South Africa has successfully launched into space the continent’s most advanced nanosatellite to date, the ZACube-2.
The nansatellite will provide cutting-edge remote sensing and communication services to South Africa and the region.
“This satellite will help us monitor our ocean traffic as part of our oceans economy and also monitor veld fires and provide near-real-time fire information ensuring a quick response time by disaster management teams,” said science & technology minister Mmamoloko Kubayi-Ngubane in a statement.
She said the satellite was developed by some of South Africa’s youngest and brightest minds under a programme representing the country’s diversity, in particular black students and young women.
According to the department of science & technology, the satellite is a technology demonstrator for “maritime domain awareness” that will provide critical information for the country’s oceans economy.
It will monitor the movement of ships along the South African coastline with its automatic identification system payload.
Kubayi-Ngubane said the launch of ZACube-2 represents a significant milestone in South Africa’s ambition to becoming a key player in the innovative utilisation of space science and technology in responding to government priority areas.
The ZACube-2 took off at 4.07am on Thursday with the Russian Soyuz Kanopus mission from the Vostochny spaceport. The cube-satellite left the Earth together with small satellites from the US, Japan, Spain and Germany, and is orbited as secondary payload in a launch mission designed for real-time monitoring of natural and man-made disasters and other emergencies, the department said.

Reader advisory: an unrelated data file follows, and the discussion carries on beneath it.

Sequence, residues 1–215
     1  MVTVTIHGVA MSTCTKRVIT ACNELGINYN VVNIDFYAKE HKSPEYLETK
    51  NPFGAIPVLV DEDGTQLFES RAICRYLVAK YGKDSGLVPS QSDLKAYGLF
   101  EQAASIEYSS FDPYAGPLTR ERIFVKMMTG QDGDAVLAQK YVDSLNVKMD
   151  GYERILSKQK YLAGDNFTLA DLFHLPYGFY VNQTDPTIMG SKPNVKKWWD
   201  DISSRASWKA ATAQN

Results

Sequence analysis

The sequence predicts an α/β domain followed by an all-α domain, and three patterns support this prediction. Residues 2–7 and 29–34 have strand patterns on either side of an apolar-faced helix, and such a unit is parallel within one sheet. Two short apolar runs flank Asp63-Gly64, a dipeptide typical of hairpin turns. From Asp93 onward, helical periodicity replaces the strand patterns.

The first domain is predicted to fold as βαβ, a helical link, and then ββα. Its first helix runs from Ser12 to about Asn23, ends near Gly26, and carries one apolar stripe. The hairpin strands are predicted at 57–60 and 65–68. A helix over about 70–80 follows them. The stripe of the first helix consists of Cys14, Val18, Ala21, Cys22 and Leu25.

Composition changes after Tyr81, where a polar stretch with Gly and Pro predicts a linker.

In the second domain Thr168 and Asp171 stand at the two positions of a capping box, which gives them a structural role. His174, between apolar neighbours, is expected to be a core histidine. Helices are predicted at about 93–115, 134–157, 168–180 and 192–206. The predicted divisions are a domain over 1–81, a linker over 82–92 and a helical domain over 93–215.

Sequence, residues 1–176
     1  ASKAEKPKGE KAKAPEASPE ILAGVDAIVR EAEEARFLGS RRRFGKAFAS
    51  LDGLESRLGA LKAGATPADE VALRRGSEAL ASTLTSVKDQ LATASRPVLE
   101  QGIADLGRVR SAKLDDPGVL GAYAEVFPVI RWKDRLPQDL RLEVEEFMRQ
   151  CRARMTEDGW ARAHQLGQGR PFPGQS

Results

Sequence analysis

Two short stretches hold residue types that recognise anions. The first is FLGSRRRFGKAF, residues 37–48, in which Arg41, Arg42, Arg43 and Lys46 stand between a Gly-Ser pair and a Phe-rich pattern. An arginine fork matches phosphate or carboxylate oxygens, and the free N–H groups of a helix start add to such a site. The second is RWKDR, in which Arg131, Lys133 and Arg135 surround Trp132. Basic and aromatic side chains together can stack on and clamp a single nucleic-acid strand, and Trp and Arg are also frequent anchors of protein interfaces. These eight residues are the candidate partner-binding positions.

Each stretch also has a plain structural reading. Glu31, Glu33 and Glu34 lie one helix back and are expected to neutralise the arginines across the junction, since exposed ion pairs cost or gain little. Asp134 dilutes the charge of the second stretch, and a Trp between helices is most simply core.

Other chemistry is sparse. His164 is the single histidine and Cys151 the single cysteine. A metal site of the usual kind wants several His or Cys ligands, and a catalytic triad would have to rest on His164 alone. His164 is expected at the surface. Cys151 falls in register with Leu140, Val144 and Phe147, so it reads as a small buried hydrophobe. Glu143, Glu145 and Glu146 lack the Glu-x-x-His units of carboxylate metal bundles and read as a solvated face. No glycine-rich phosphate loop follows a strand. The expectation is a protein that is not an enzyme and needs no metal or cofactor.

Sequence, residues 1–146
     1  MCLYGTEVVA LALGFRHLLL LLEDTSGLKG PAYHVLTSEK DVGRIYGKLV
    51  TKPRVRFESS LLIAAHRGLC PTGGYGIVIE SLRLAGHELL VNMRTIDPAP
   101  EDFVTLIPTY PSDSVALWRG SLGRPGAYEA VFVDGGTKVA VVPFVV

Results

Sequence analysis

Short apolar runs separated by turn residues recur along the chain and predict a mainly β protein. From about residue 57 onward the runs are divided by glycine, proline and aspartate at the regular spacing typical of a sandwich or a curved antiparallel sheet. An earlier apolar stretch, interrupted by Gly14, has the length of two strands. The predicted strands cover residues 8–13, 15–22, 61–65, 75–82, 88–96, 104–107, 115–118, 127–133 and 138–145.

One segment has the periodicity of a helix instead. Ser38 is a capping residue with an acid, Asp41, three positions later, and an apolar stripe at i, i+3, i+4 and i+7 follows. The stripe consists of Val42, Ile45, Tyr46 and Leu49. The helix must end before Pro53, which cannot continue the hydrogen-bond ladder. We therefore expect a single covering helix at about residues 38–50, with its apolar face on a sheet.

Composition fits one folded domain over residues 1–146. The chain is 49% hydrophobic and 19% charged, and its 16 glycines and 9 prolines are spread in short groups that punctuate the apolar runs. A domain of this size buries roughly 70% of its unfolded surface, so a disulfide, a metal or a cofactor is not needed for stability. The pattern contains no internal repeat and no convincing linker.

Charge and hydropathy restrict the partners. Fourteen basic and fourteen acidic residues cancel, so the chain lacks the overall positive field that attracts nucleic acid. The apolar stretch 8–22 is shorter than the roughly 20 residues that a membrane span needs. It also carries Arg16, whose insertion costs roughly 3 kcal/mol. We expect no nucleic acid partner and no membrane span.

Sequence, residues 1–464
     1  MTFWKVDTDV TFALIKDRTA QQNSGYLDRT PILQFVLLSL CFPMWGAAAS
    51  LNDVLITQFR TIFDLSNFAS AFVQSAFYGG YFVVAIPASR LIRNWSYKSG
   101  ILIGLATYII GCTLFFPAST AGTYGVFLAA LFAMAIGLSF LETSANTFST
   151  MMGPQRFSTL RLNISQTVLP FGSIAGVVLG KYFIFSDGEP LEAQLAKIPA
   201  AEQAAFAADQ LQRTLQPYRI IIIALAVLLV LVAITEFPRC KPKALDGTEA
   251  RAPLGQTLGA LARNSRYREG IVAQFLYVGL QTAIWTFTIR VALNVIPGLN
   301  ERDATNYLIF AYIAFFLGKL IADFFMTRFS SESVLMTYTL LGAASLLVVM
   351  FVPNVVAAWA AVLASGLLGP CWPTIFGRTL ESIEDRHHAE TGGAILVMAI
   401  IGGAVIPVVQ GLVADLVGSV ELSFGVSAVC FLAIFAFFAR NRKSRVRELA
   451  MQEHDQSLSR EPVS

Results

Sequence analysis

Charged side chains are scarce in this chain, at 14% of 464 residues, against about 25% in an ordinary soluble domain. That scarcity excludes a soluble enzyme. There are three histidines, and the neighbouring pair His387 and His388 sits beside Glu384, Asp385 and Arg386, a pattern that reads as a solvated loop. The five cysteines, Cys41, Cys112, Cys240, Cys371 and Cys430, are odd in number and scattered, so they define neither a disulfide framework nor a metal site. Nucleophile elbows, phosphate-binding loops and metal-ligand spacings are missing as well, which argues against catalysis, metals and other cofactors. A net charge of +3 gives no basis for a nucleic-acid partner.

Weighing just 4kg, the ZACube-2 is South Africa’s second nanosatellite to be launched into space and three times the size of its predecessor, TshepisoSat.
“It is regarded as the continent’s most advanced cube satellite and is in fact a precursor to the MDASat, a constellation of nine nanosatellites that will be developed to provide cutting-edge very-high-frequency data exchange communication systems to the maritime industry,” the department said.
The South African National Space Agency, in cooperation with the University of Montpellier, the French Embassy and the Paris Chamber of Commerce, manages the project.
“The ZACube-2 will be given a new name soon, following a national satellite naming competition launched in April by the South African Agency for Science and Technology Advancement. Saasta received over 300 entries from grade 4-12 learners. The results have been finalised and the new name of the nanosatellite will be announced in due course,” the department said. — SAnews